Only days after President Trump speaking to American troops said he was honored to be a part of it, and that it was one of his “favorite” Christmas movies, a Canadian broadcaster has cut his cameo when it recently aired “Home Alone 2.”
Don Jr. sounded off at the action in a tweet, calling it “pathetic.”
The Canadian Broadcasting Corporation argued the ten second scene was removed to make room for commercials. Chuck Thompson, the CBC’s head of public affairs, said in a statement the edits “were done in 2014 when we first acquired the film and before Mr. Trump was elected president.”
But Don Jr. said “it’s all part of the mainstream media’s leftist bias.” He said, “Their bias is so flagrant, they don’t even try to hide it anymore.”
Earlier this week, when delivering a Holiday address via satellite to US troops serving overseas, President Trump told service members he was honored to be in the movie and called it his favorite holiday film.
“It’s a good movie,” he said. “It turned out to be a big Christmas hit, one of the biggest, so it was an honor to be involved in something like that.”
Don Jr. went on to say this is just the beginning of what can be expected in the 2020 election by the mainstream media’s left-leaning bias. He added that the president will win despite the unfair fight.
This time of year is usually full of cheer, especially if one’s economics are right. If someone is suffering economically or having serious issues with their family, then this time of year can be a trying time. Most people buy and spend over-extending their credit and putting themselves in debt. But, people usually are in good spirits. Right now, the holiday season is in full swing. I think it’s about time people got the skinny on one of the most popular holidays, Christmas.
Let’s get right into it, shall we? December 25th is not the birthdate of Jesus. Jesus being born on December 25th is not backed up by the scriptures at all. In fact, it is the noted birthdate of a great number of those that would be considered sun gods or pagan deities. One has to go back about 4,000 years to a place called Shinar. Shinar was located in Babylonian which is now modern-day Iraq. Nimrod was the ruler of Babel, which was later known as Babylon. He was well-loved by the people. He was known to the ancient Egyptians as Osiris. Nimrod’s date of birth was December 25th. Nimrod’s symbol was the evergreen tree which represented everlasting or renewed and regenerated life through Tammuz. Nimrod’s wife was named Semiramis. She was also known as Isis. As the story goes, Semiramis was also the mother of Nimrod. Nimrod was the first being on earth to be deified. During his deification, he was then named Bael the Sun God. At his death he he was said to be eternal and ruled the universe as the Sun God.
Semiramis was said to be impregnated with the seed of Nimrod by the rays of the sun god Nimrod or Bael. She gave birth to their son Tammuz who was said to be Nimrod’s resurrection through birth. This is where the Biblical story of the immaculate conception comes from. Semiramis and Tammuz were married. This was an incestual relationship. Nothing holy about that. But it turns out that Tammuz is also Cupid. Tammuz was a great hunter which is why there is a constellation of Osiris The Great Hunter. After forty years Tammuz was killed by a wild boar.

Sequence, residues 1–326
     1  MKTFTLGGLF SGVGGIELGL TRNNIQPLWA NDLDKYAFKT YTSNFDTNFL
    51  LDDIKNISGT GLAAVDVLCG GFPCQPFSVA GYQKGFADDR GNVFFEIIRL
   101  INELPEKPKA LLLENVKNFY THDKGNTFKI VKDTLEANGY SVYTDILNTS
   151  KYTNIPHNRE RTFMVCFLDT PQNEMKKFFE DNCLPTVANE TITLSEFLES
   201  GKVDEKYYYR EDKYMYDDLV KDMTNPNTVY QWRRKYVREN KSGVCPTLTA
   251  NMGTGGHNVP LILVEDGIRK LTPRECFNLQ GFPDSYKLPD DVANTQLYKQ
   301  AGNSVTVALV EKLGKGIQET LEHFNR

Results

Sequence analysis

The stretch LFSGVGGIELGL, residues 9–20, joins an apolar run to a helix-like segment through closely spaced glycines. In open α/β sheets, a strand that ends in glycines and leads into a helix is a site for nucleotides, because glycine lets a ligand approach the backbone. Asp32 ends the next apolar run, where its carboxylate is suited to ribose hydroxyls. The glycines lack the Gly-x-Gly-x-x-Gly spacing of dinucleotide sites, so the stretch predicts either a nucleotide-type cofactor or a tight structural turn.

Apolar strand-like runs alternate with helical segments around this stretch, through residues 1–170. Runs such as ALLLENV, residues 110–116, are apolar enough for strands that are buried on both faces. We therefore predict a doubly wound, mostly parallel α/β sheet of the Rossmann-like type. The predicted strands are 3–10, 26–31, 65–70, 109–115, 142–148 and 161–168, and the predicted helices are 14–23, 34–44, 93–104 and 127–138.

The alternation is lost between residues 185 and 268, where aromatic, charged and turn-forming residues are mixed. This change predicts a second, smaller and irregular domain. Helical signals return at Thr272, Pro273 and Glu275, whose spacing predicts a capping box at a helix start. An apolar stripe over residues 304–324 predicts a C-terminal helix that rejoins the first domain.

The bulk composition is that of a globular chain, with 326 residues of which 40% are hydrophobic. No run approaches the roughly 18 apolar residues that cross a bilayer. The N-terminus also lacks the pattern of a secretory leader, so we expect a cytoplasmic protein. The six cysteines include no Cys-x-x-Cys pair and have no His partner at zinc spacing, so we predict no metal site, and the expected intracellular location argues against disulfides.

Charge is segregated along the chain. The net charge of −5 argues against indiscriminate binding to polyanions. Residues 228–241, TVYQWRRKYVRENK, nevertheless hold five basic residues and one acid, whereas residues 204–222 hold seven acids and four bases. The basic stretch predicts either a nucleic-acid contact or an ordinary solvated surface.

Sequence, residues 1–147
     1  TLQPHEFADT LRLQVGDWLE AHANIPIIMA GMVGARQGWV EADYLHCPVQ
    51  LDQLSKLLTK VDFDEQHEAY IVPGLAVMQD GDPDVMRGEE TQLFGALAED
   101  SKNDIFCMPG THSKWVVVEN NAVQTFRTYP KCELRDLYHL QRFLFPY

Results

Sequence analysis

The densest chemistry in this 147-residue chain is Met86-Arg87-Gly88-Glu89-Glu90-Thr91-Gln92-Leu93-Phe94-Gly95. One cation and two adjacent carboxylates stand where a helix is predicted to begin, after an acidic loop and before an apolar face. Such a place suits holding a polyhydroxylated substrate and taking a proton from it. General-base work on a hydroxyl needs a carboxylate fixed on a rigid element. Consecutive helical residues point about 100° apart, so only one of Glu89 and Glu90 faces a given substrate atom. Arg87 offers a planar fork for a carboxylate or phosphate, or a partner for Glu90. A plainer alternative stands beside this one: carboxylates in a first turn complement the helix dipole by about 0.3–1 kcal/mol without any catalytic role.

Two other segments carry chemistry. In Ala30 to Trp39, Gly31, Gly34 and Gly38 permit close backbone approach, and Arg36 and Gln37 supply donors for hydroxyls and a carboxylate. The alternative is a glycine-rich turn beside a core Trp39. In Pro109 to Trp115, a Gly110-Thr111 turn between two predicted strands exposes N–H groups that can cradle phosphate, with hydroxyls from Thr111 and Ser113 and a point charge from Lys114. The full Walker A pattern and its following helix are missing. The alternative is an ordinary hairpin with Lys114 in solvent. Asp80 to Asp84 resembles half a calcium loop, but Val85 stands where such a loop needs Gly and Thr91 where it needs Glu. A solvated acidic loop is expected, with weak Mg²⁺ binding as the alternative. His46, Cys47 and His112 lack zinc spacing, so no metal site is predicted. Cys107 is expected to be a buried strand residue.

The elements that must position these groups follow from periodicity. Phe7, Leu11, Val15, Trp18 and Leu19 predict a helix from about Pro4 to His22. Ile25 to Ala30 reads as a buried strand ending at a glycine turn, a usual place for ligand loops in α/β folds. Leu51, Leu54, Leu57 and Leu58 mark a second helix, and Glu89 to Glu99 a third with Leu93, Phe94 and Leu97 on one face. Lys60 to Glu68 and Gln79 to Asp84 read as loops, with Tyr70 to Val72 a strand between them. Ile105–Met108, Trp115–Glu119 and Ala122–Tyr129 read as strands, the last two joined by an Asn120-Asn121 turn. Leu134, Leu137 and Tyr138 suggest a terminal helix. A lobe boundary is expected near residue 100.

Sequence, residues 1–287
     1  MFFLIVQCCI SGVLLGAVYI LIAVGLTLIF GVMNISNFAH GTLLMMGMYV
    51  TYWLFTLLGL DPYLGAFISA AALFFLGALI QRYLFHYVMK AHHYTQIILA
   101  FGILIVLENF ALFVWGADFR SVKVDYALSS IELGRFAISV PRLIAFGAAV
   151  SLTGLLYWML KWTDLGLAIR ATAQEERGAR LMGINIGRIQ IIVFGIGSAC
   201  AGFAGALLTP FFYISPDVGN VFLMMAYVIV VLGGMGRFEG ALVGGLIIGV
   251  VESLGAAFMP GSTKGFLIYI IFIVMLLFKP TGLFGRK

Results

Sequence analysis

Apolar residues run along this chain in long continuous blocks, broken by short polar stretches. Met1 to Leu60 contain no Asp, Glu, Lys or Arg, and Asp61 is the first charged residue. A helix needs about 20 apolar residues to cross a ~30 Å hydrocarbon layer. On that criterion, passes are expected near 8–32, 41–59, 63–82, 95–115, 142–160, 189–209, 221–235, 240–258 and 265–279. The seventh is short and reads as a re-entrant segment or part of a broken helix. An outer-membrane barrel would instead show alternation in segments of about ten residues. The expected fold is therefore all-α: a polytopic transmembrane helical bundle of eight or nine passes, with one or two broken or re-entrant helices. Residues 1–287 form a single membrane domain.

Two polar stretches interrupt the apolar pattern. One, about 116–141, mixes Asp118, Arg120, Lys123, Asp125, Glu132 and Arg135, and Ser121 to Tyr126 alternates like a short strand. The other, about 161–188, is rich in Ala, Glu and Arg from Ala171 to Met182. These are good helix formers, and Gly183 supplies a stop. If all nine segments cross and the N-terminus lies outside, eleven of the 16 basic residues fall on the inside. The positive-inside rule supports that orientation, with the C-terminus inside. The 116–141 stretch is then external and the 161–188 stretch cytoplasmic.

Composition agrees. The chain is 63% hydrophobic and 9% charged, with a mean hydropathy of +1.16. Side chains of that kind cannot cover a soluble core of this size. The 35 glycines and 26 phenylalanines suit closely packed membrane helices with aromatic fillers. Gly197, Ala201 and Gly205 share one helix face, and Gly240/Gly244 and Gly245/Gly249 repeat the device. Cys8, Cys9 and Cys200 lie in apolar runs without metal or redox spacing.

December 25th represents the return of the rising sun during the winter equinox or the sun’s (son’s) resurrection. According to the Book of Genesis, Nimrod was the great-grandson of Noah. As a side note, I have to mention that originally there were only ten months to the standard calendar. The prefix dec represents ten. Our number system is a base-ten system. This where the term decimal comes into play. Also, decade represents a ten-year span. December used to be the tenth month until Julius Ceasar added July and Augustus Ceasar added August. These two additional months were smuggled in during the great Roman era. So now we have twelve months that represent our modern-day Gregorian calendar. So, even if Jesus’ birthday was on December 25th, we would overshoot it by two months each year.
Like the story of Osiris, Nimrod was murdered by a relative. Semiramis claimed that a full-grown evergreen tree emerged from a dead stump overnight which symbolized the re-erected phallus of Nimrod as well as a new life. The old stump symbolizes the dead Nimrod and the evergreen symbolizes the birth of son Tammuz. Nimrod (Tammuz) would place gifts on the tree every December 25th. This is where the yule log comes into play where the log represents dead Nimrod and is placed into a fire. The next day the log would be a full tree with a snake coiling throughout the branches. The serpent or snake represents resurrection. This is symbolic in the sense that snakes shed their skin which represents resurrection.
In Egyptian mythology, Tammuz is known as Horace who was the son of Osiris and also his resurrection. The ornaments placed on the trees in Babylon were balls dipped in gold or testicles of a sacrificed animal. Now Santa Claus was actually called Nimrod (Molech, Odin). Every December 25th, public child mass sacrifices were held. So, if one placed the “n” in Santa at the end of the word, we would have the word Satan. Satan’s Claws (Claus). Get the picture? The chimney that Santa was said to come down in the story of Santa Claus represents the alter that the children were sacrificed to. The parents would ask the alter for what they wanted before they would drop their newborn child in the fiery alter.
Another couple of names for Christmas is Natalis Invicti and Mithra. On December 17-21, the people would celebrate Saturnalia. During this time the people would get drunk and have wild and violent sex orgies. On the 22nd of December, they would participate in Sigillaria, the second feast or the feast of the dolls.
All of the information stated above is where the so-called holy day of Christmas was extrapolated. With that said, I hope you had a Merry Christmas!